Whenever you write a scene it’s a good idea to rewrite it – perhaps in note form – using a different pronoun (first person instead of third person), from a different point of view or in a different tense. This will give you a deeper, more layered sense of what is actually going on in the scene, including, crucially, what is not being said or done.
It’s particularly important for those scenes that don’t quite hang together and you are not sure why. In order to be able to write a scene convincingly you, as the writer, need to know what everyone in the scene is doing and thinking and feeling, even if you only actually write the scene from a single point of view. I call this ‘walking around a scene.’ If you are movie-minded it might be helpful to think of yourself as the director of your scenes.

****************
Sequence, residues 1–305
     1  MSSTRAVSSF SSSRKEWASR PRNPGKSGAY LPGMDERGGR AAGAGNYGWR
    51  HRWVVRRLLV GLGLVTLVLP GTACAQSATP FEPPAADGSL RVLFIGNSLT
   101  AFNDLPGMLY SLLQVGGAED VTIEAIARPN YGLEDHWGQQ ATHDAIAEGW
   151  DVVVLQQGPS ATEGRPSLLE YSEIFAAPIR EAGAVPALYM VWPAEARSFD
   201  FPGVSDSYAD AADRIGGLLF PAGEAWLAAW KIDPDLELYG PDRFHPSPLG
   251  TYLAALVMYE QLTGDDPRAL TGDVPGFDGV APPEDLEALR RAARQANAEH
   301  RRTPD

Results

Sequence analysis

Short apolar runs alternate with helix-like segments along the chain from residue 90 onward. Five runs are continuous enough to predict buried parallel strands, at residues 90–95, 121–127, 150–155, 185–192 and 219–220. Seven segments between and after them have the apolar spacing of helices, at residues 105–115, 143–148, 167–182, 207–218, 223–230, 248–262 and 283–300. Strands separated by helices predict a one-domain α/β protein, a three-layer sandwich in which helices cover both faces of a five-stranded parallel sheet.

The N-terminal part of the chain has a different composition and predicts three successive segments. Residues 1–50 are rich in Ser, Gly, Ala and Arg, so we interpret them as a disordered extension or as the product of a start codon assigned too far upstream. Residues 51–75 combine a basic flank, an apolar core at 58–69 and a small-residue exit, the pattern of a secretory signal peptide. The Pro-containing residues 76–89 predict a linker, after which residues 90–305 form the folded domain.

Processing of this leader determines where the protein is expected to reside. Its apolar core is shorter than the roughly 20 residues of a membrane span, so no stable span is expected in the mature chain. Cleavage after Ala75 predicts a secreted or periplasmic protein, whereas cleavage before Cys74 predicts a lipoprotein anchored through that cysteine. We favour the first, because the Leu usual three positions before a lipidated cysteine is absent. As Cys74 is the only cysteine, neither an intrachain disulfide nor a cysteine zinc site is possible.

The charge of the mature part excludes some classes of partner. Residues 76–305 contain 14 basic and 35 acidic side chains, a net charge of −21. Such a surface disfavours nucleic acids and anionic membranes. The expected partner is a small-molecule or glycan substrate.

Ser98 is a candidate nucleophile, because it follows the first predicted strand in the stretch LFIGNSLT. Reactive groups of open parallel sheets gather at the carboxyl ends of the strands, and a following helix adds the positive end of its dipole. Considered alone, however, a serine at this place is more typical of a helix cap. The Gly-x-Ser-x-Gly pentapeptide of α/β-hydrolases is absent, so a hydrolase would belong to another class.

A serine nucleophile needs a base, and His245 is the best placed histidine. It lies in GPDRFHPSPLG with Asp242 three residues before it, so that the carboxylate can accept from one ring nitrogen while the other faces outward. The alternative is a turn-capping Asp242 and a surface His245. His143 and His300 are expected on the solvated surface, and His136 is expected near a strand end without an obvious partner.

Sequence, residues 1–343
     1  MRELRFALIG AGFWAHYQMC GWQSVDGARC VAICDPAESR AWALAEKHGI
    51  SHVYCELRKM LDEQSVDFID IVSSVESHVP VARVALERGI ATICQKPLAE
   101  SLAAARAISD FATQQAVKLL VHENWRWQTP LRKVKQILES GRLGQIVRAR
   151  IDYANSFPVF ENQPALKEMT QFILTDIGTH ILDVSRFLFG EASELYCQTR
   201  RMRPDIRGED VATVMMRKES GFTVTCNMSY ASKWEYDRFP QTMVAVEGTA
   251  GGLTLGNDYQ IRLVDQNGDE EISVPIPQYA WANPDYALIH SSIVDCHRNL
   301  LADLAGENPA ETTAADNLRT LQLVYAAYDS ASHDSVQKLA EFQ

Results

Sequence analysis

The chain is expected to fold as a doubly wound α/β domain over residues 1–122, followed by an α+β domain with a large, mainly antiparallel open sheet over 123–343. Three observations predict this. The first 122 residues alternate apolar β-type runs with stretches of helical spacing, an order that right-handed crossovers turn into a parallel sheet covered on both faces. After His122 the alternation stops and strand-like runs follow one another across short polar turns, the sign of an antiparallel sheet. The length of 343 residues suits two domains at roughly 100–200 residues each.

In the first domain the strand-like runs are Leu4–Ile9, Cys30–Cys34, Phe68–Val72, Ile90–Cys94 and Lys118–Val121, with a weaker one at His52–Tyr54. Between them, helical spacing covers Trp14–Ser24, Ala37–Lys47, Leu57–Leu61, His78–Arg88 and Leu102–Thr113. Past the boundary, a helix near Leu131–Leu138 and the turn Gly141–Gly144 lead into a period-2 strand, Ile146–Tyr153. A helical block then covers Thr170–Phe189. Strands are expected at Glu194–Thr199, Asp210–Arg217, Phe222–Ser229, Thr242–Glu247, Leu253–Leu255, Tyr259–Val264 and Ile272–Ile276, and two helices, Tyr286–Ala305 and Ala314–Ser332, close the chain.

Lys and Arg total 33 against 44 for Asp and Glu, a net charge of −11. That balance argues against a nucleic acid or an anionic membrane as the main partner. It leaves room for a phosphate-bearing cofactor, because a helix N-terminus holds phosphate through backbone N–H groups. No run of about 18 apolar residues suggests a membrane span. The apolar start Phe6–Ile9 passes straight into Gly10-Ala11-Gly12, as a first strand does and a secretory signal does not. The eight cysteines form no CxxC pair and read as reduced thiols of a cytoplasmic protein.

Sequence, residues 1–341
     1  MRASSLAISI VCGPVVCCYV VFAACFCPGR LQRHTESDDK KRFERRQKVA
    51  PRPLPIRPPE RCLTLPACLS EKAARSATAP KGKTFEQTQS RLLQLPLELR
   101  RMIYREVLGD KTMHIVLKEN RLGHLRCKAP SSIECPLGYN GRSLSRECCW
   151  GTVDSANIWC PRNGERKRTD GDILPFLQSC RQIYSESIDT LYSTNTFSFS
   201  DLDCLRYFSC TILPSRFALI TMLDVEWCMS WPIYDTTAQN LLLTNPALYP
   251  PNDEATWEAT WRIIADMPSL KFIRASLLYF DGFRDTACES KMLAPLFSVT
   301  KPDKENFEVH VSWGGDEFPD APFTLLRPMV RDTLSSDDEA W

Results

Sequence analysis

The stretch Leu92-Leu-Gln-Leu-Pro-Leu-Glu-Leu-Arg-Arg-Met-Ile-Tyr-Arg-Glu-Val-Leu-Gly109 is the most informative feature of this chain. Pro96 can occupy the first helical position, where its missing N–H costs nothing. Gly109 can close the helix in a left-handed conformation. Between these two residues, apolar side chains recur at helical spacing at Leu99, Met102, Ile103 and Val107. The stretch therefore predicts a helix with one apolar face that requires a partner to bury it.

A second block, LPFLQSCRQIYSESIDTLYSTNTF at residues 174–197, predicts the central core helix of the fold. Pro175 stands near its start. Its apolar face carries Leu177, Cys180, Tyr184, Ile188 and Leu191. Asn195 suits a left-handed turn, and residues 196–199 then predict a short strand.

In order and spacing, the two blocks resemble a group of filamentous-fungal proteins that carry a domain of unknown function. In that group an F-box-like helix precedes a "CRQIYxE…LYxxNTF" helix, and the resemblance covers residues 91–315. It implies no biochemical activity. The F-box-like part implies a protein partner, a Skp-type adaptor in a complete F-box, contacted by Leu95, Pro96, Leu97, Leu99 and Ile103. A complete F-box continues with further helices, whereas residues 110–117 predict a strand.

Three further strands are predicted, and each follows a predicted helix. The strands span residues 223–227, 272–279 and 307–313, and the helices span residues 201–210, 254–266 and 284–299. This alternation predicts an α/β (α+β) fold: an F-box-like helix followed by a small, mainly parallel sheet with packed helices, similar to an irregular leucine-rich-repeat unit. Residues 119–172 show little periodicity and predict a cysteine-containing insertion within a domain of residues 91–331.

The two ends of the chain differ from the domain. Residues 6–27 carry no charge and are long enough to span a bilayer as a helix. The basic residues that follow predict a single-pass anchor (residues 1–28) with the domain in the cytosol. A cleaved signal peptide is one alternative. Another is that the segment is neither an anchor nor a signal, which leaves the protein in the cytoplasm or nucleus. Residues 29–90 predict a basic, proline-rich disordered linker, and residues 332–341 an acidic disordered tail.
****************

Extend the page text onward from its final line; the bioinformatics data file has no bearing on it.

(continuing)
Though it can be time-consuming, rewriting a scene from another point of view or using a different pronoun or tense can often give you access to physical, atmospheric and emotional details in the scene you may have previously missed and may well give you a valuable insight into why the scene as originally written isn’t working.
You may find that the addition of a single detail will make the scene suddenly fall into place. Conversely, you may find your initial draft now needs to be revised or that you need to rewrite it altogether. All writing is rewriting. This is a fundamental rule.
All writing is rewriting.